An Unusual Launch Cycle: OEMs now, Individual Units Later

The launch of Bristol Ridge APUs for desktop is taking a slightly different strategy to previous AMD launches. Typically we expect to see CPUs/APUs and OEM systems with that hardware launched on the day of the announcement, with stock of the hardware getting to shelves over the next few weeks. In order to do this, AMD needs to work with all the OEMs (HP, Lenovo, Dell) and platform partners (ASUS, GIGABYTE, MSI, ASRock) and potentially the memory manufacturers (Crucial, Kingston, G.Skill, ADATA, etc) to synchronize a launch with expected hardware, platform control and settings.

This time around, AMD has focused on the OEMs first, with all-in-one PCs and desktop systems being their focus. Typically the big OEMs develop their own PCBs and manage the full gamut of support, as well as being mindful of firmware that can be a work in progress up until the launch date. This allows the launch to be focused on a few models of complete experience systems, rather than the comparative free-for-all with custom build machines. Typically one might argue that the standard motherboard designers take longer to design their product, as it becomes their brand on offer, whereas HP/Lenovo sells the system as a brand, so not every stage has to be promoted, advertised and polished in the same way.

Of course, from an enthusiast perspective, I would prefer everything to come out on day one, and a deep dissection into the platform. But because Bristol Ridge is sharing a platform with the upcoming new microarchitecture, Zen, AMD has to balance the wishes of OEMs along with product expectations. As a result, the base announcement from AMD was somewhat of a brief overview, and we delayed writing this piece until we were able to source certain nuggets of information which make sense when individual units (and motherboards) are on sale for DIY users, as well as some insights into what Zen might offer.

But by focusing on OEMs first, it makes it more difficult for us to source review units! Watch this space, we’re working on it.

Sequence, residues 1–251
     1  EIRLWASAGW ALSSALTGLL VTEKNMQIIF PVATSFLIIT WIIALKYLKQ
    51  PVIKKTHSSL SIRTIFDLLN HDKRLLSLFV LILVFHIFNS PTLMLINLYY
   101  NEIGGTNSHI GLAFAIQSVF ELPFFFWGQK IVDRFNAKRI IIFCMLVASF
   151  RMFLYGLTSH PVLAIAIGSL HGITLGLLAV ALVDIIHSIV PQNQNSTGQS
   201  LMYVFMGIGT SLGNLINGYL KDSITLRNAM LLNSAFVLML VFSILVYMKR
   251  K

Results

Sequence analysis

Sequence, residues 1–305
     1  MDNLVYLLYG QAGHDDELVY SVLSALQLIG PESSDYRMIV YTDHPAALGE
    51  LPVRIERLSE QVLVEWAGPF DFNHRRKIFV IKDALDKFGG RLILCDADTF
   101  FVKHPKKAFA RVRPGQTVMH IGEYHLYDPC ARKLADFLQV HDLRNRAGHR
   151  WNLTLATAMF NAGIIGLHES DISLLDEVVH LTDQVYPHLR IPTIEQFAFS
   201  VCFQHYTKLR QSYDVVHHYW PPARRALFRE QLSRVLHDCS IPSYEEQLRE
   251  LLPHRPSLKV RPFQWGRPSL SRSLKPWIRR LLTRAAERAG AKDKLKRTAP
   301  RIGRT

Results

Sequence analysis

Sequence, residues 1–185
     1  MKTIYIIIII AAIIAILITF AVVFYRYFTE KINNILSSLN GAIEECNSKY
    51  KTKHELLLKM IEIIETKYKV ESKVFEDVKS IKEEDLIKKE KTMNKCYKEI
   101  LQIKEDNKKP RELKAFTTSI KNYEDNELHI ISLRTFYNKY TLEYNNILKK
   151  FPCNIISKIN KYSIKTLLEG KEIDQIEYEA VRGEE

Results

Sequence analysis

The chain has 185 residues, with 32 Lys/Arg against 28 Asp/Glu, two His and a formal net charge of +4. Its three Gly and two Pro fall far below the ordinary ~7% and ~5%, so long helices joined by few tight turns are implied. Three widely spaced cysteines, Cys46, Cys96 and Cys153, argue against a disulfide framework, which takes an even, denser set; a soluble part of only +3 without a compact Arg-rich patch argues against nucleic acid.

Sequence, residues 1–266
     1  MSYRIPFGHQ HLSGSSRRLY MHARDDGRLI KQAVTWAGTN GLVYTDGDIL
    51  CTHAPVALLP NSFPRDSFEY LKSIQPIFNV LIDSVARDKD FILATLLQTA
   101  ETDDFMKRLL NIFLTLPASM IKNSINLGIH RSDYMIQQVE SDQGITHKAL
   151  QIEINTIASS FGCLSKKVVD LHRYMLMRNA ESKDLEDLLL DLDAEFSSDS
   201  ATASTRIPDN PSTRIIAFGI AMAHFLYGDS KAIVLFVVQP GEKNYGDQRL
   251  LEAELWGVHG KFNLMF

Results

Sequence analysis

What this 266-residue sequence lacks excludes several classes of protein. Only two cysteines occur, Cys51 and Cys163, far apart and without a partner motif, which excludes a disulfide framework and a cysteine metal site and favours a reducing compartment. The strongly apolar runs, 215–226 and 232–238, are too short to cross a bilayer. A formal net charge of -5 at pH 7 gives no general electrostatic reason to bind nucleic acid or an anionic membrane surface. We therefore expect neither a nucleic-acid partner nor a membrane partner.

The CPU Roadmap

A lot of the recent talk regarding AMD’s future in the desktop CPU space has revolved around its next-generation CPU architecture called Zen. In August, AMD opened up to a significant part of the underlying Zen microarchitecture, detailing a micro-op cache, a layered memory hierarchy, dual schedulers and other information. Nonetheless Zen is initially aiming for the high-end desktop (HEDT) market, and AMD has always stated that Zen will share the AM4 platform with new mainstream CPUs, under the Bristol Ridge and Stoney Ridge names, initially based on an updated Excavator microarchitecture.

AMD’s roadmap seems to be the following:

The latest AMD announcements are for that mainstream segment, but we can see that AMD is moving from a three-socket configuration of AM3, FM2+ and AM1 into a singular AM4 platform from top to bottom, with the budget element perhaps being more embedded focused. This has positives and negatives associated with it, which is part of the reason why AMD is staggering the release of Bristol Ridge and the 7th Generation APUs between OEMs and PIBs.

The positive from the unified problem is that AMD’s OEM customers can have a one size fits all solution that spans from the budget to the premium, which makes OEM designs easier to translate from a high powered platform to a budget system. The downside is variety and compatibility – if a vendor designs a platform purely for a budget system, and has fewer safeguards, then a user cannot simply put in the most powerful CPU/APU available. Luckily we are told that all AM4 systems should be dual channel, which migrates away from the Carrizo/Carrizo-L problem we had in notebooks late last year.

AMD 7th Gen Bristol Ridge and AM4: The CPUs, Overclocking The Integrated GPU
Comments Locked


View All Comments

  • patrickjp93 - Tuesday, September 27, 2016 - link

    Yeah, no. Even the 5775C has thoroughly beaten everything AMD has so far offered, even if narrowly. Skylake GT3e increased that gap, and GT4e dug a canyon between Intel and AMD. This is why I sincerely doubt AMD's HPC APUs will get much traction.